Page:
Jorgensen: Webster University Geneva, Switzerland
Consumer surveillance: Innovations in “fighting back”: While much surveillance research and public comment focus on the extensive global government surveillance to which Internet and cell phone users have been subjected, research, journalistic and other sources of revelations on unpublicized, unwarranted commercial misuse and abuse of consumer clients’ biometric and content data have resulted in ever-growing and increasingly vocal public dissent.  These developments represent a paradigmatic shift in consumer strategy.

Moderator: Gary Ford

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Arpan Ganguli

Graduate Student, The London School of Economics and Political Science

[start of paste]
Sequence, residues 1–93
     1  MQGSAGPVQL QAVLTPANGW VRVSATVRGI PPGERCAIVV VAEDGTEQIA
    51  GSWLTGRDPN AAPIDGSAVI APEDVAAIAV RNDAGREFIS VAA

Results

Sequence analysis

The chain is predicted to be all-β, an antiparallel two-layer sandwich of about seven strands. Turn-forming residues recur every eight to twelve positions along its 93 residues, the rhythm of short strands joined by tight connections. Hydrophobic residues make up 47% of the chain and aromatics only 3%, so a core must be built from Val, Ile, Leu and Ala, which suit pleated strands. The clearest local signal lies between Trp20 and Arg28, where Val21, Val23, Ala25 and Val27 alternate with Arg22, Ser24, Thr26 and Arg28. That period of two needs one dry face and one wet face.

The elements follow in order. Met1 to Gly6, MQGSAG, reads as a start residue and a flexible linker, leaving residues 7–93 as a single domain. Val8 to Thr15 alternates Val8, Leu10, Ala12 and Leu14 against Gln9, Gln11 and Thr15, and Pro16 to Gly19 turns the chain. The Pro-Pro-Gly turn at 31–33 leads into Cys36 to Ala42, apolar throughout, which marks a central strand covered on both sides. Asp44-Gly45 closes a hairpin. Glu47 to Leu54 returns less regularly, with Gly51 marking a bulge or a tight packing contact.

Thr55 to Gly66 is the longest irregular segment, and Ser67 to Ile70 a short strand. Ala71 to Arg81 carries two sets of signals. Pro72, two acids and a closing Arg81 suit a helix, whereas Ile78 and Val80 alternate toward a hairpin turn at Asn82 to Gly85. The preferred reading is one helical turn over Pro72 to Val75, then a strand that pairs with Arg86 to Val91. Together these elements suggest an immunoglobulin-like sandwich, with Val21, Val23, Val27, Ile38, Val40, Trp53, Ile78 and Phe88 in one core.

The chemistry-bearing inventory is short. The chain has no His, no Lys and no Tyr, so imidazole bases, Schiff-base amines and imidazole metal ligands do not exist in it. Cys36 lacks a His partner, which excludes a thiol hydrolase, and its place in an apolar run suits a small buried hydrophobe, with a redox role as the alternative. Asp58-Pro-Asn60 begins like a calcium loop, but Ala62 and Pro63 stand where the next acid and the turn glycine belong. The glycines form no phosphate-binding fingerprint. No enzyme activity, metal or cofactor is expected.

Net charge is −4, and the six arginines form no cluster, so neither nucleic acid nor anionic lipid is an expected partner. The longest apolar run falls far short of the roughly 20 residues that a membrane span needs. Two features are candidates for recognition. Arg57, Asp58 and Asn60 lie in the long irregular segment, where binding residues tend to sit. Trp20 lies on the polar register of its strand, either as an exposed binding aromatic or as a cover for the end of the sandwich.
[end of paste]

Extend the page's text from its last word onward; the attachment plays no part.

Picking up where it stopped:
Arpan Ganguli is currently a Graduate Student of Media and Communications at The London School of Economics and Political Science. Having worked in the corporate world, Arpan is now interested in the policy and governance aspects of the Internet.
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Kirsten Gollatz

Project Manager Policy & Governance, Humboldt Institute for Internet and Society, Berlin, Germany
Kirsten Gollatz is project manager at the Alexander von Humboldt Institute for Internet & Society where she works on free speech online. She is involved in the international Ranking Digital Rights project, and contributed research to a current UNESCO report on the role of Internet intermediaries. In her doctoral thesis Kirsten investigates the evolution of private transnational governance for user content. Kirsten was a research intern at the... Read More →

Rebekah Jorgensen

MA Program Coordinator, Webster University Geneva